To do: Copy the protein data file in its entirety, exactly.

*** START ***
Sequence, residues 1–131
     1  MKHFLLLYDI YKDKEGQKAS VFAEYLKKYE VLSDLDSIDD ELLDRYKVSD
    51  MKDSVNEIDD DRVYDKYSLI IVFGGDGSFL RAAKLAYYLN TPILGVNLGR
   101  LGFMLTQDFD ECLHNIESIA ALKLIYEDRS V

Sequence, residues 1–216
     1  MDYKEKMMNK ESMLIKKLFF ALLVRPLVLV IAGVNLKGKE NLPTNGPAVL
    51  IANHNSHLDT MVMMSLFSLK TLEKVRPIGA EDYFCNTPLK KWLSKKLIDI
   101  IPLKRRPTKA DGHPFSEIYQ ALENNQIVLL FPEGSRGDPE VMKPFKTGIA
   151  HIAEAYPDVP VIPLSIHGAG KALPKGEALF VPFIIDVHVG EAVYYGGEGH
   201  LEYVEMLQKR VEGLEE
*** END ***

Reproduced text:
Sequence, residues 1–131
     1  MKHFLLLYDI YKDKEGQKAS VFAEYLKKYE VLSDLDSIDD ELLDRYKVSD
    51  MKDSVNEIDD DRVYDKYSLI IVFGGDGSFL RAAKLAYYLN TPILGVNLGR
   101  LGFMLTQDFD ECLHNIESIA ALKLIYEDRS V

Sequence, residues 1–216
     1  MDYKEKMMNK ESMLIKKLFF ALLVRPLVLV IAGVNLKGKE NLPTNGPAVL
    51  IANHNSHLDT MVMMSLFSLK TLEKVRPIGA EDYFCNTPLK KWLSKKLIDI
   101  IPLKRRPTKA DGHPFSEIYQ ALENNQIVLL FPEGSRGDPE VMKPFKTGIA
   151  HIAEAYPDVP VIPLSIHGAG KALPKGEALF VPFIIDVHVG EAVYYGGEGH
   201  LEYVEMLQKR VEGLEE